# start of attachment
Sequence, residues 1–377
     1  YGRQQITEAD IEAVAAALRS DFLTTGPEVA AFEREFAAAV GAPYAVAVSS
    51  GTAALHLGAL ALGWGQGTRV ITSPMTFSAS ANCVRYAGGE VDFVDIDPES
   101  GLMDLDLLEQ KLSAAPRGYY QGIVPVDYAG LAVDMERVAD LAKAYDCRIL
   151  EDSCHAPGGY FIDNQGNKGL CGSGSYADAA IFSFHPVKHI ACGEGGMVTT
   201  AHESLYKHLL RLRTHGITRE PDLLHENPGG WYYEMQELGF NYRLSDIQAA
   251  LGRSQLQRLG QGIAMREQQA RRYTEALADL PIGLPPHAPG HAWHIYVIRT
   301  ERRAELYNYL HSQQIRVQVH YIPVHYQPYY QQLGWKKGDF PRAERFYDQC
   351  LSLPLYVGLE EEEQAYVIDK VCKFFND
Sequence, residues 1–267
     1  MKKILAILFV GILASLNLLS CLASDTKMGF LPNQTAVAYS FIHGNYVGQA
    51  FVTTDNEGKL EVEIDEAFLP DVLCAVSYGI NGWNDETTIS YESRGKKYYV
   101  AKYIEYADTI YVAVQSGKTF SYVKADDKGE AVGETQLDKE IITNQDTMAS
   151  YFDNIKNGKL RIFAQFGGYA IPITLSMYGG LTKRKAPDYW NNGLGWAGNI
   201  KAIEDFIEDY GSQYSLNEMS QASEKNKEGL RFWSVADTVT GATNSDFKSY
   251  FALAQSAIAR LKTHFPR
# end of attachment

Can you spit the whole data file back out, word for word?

Sequence, residues 1–377
     1  YGRQQITEAD IEAVAAALRS DFLTTGPEVA AFEREFAAAV GAPYAVAVSS
    51  GTAALHLGAL ALGWGQGTRV ITSPMTFSAS ANCVRYAGGE VDFVDIDPES
   101  GLMDLDLLEQ KLSAAPRGYY QGIVPVDYAG LAVDMERVAD LAKAYDCRIL
   151  EDSCHAPGGY FIDNQGNKGL CGSGSYADAA IFSFHPVKHI ACGEGGMVTT
   201  AHESLYKHLL RLRTHGITRE PDLLHENPGG WYYEMQELGF NYRLSDIQAA
   251  LGRSQLQRLG QGIAMREQQA RRYTEALADL PIGLPPHAPG HAWHIYVIRT
   301  ERRAELYNYL HSQQIRVQVH YIPVHYQPYY QQLGWKKGDF PRAERFYDQC
   351  LSLPLYVGLE EEEQAYVIDK VCKFFND
Sequence, residues 1–267
     1  MKKILAILFV GILASLNLLS CLASDTKMGF LPNQTAVAYS FIHGNYVGQA
    51  FVTTDNEGKL EVEIDEAFLP DVLCAVSYGI NGWNDETTIS YESRGKKYYV
   101  AKYIEYADTI YVAVQSGKTF SYVKADDKGE AVGETQLDKE IITNQDTMAS
   151  YFDNIKNGKL RIFAQFGGYA IPITLSMYGG LTKRKAPDYW NNGLGWAGNI
   201  KAIEDFIEDY GSQYSLNEMS QASEKNKEGL RFWSVADTVT GATNSDFKSY
   251  FALAQSAIAR LKTHFPR